Front-yard garden

A recent trend, wilding or “rewilding” attempts to turn back the clock. It returns tamed spaces to earlier times when native plants thrived in sunny meadows, dark forests and along meandering riverbanks and shady streams. With this biodiversity of plant life, insects, birds and mammals flourished. It’s a far cry from modern times when lists of rare and endangered plant and animal species continue to grow longer.

As a home gardener, rewilding my urban property comes with a bit of extra pressure. While I still want to create a beautiful space, my garden now needs to help our planet to heal. That’s okay with me. At times, gardening sometimes calls for new directions. These days, as we battle climate change and a global pandemic, it’s probably time for a reboot.

Having gardened for over 30 years, my focus is changing. I’m no longer keen to create dramatic ornamental flowerbeds, buy exotic plants or have a perfectly manicured lawn. I’m no longer in a battle to conquer weeds. A few years ago, I gave away my whipper snipper. The lawn mower barely gets used. Instead, slowly and gradually, I’m learning new ways to garden that are outside the box and, quite frankly, sometimes a little outside my comfort level, too.

Some days, admittedly, unanswered questions remain. For instance, how far back in time should rewilding go? Before my 1960-something suburban house was constructed, this landscape was a farm. Cows wandered the fields and seasonal crops grew. Before that, it was the original, unceded territory of the Algonquin people – eastern woodland hunters who fished, hunted deer and moose and collected edible plants. Long ago, giant beavers and mastodons reportedly roamed this land.

Gardening gloves on, I’ve decided that simple is good. Gardening on the wild side can be done with careful thought and planning, along with a mixture of native and non-native plants best suited to my sun, soil and water conditions. My long-term plan is to create healthy soil, conserve rainwater and attract more bird, butterfly, native bee and pollinator species.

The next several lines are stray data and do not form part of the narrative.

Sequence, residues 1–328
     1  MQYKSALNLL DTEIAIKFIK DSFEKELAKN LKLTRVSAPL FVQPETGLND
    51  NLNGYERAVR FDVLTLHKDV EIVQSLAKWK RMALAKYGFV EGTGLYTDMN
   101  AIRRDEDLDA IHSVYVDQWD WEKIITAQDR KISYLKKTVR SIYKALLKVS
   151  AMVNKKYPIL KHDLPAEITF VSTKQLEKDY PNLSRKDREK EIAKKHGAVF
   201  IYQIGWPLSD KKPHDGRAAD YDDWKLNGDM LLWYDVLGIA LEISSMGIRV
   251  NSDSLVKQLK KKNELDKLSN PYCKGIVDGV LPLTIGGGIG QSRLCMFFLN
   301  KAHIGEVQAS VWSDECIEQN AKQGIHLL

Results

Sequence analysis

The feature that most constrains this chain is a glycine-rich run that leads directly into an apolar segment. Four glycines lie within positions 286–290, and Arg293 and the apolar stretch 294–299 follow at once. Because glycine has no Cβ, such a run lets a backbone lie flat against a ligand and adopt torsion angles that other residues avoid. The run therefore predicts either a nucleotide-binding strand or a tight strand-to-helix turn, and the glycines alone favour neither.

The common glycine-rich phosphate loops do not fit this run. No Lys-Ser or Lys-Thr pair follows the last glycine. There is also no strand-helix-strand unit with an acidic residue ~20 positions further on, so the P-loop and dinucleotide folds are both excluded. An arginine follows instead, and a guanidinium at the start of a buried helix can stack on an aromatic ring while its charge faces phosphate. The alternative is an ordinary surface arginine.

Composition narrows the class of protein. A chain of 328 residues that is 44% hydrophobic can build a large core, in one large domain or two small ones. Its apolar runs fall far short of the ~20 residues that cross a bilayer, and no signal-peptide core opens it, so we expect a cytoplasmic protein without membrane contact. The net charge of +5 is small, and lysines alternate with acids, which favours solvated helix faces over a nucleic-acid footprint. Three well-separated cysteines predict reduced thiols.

The author’s front pollinator garden.

Knepp Castle Estates, West Sussex, England

The History of Rewilding


In her thoughtful book Wilding, author Isabella Tree explains that the word “rewilding” was first coined in the 1980s. However, it was made popular a decade later by conservationists who emphasized the importance of large-scale projects that linked hotspots of biodiversity in nature. Ecological cores and corridors were returned to nature in order to connect them. One of the most ambitious rewilding projects in North America is a wildlife corridor encompassing over 502,000 square miles that links the Yukon to Yellowstone National Park.

In parts of Europe – Portugal, Poland, northern Greece, central Spain, north Finland, the Balkans and other countries – some agricultural areas are also being rewilded. It happens sometimes when farmland, especially marginal land, is abandoned because of insolvency, civil unrest, war or other causes.

Tree writes from personal experience. At her home, Knepp Castle Estate in West Sussex, England – a 1,400-hectare family estate owned with her husband, Charlie Burrell – the couple has brought the land back to nature after years of traditional agriculture using pesticides and heavy machinery. It was a carefully planned evolution that lasted nearly two decades and was often contentious among locals.

Species on the edge of extinction, including birds such as the nightingale and turtle dove, rare butterflies, insects and mammals, are steadily increasing in numbers on their property. Suddenly, Knepp has become a biodiversity hotspot. It is attracting the widespread interest of conservationists, environmentalists and the public.

Knepp Castle Estates, West Sussex, England

Wild garden.

Rewilding in Sunny Spaces